One of the things people don’t tell you about getting older is that the more books you read and movies you see, the more likely you are to see those stories echoed in other stories. The new books and movies you come across remind to you of the older books and movies you already know. Sometimes there’s good reason for that, as artists try to engage in a dialogue with their forebears. Sometimes you’re just seeing things.
Saturday, July 25, was an interesting series of riddles for me at the Fantasia Festival. I saw three movies that day. Teana: 10000 Years Later is a high science-fantasy 3D CGI animated film from China. Crimson Whale is a traditionally-animated post-apocalypse fable from South Korea. And Denmark’s The Shamer’s Daughter is a live-action adaptation of the first volume of a Danish YA high fantasy. I enjoyed all of them, and saw what seemed to be nods to familiar works within each — though in some cases that might be my imagination running away with me.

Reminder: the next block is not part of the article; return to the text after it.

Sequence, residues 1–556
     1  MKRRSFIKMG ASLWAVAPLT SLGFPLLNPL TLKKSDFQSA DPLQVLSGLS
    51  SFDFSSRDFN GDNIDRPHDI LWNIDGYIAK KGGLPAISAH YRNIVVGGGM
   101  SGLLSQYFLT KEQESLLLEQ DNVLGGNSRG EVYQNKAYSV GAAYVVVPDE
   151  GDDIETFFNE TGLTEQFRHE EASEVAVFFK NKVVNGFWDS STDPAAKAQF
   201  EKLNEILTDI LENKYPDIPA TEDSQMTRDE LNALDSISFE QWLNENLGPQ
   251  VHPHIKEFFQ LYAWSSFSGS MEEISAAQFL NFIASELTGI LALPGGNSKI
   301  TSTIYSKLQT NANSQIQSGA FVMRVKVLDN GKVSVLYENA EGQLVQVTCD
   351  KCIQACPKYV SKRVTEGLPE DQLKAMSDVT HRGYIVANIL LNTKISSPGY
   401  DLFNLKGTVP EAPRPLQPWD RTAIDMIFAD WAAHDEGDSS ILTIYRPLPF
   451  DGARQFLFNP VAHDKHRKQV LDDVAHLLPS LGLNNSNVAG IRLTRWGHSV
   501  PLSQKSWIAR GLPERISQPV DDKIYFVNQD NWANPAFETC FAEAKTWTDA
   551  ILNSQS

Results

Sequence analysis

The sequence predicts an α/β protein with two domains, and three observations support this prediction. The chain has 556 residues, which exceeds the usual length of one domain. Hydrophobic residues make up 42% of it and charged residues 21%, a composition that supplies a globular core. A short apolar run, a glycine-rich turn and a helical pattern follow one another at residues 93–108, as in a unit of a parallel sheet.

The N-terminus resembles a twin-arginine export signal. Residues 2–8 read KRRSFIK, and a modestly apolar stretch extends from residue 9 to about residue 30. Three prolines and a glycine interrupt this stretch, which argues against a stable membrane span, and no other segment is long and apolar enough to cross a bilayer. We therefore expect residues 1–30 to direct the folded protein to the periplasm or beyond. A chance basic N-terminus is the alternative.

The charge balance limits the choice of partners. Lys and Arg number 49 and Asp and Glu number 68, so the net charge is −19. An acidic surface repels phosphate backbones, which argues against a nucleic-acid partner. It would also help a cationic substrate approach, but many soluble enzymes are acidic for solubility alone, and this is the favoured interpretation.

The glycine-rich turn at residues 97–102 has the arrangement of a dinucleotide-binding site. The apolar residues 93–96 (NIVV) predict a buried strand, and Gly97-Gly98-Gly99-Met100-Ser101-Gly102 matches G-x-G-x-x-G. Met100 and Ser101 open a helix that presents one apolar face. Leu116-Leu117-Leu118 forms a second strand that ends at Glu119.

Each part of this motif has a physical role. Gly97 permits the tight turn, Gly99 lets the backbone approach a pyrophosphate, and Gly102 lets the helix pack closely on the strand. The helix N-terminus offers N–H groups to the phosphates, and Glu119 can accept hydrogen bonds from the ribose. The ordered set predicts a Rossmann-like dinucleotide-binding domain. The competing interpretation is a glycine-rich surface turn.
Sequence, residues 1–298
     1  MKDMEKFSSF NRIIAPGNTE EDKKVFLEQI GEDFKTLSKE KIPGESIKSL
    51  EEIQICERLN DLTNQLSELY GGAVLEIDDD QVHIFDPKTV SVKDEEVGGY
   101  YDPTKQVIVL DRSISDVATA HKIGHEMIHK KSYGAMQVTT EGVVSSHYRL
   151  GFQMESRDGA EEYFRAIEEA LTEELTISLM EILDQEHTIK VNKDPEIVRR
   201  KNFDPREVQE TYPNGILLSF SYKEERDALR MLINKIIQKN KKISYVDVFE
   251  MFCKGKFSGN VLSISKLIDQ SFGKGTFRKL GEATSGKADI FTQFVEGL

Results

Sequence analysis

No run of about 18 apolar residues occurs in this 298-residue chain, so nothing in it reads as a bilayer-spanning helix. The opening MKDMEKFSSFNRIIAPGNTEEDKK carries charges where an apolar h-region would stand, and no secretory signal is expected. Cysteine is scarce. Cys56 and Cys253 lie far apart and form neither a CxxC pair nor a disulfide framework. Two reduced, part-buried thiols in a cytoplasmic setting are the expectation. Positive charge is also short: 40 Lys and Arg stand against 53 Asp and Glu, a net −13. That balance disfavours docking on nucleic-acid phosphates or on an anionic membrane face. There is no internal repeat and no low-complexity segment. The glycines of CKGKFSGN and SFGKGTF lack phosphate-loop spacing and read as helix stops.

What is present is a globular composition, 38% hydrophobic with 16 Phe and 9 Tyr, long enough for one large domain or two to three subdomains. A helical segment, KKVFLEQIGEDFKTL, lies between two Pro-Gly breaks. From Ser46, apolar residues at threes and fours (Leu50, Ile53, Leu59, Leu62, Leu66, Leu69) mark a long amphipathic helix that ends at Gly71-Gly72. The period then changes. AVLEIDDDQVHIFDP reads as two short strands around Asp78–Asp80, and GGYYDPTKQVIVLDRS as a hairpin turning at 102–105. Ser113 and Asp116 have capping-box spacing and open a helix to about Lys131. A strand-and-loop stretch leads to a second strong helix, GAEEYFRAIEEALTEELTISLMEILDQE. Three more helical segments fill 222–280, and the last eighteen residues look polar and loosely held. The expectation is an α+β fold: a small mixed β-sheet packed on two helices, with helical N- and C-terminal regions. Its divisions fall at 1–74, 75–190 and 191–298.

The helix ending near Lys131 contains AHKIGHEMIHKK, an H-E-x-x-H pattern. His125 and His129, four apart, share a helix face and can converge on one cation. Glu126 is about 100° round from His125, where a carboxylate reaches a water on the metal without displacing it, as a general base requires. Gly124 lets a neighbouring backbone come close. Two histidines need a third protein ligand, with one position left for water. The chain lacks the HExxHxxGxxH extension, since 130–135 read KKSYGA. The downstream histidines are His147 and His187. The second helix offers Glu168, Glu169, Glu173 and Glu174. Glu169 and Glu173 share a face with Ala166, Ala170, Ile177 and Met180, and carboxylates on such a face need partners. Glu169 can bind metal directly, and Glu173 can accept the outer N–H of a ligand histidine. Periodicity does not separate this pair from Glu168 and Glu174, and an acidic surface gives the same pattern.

Let’s start with Teana (AKA 10000 Years Later, originally Yi wan nian yi hou), which screened at the large Hall Theatre. It’s one of the most visually spectacular movies I’ve seen at Fantasia. Bursting with colour and invention, it moves quickly, introduces a ton of characters, creates a world, and tells an epic story with some very pointed social commentary. I’ve seen some mention online that it’s based on a Tibetan fable, but can find no more specific information than that. Personally, I found myself strongly reminded of The Lord of the Rings, as the film seemed to refer to Tolkien while also inverting certain aspects of his story.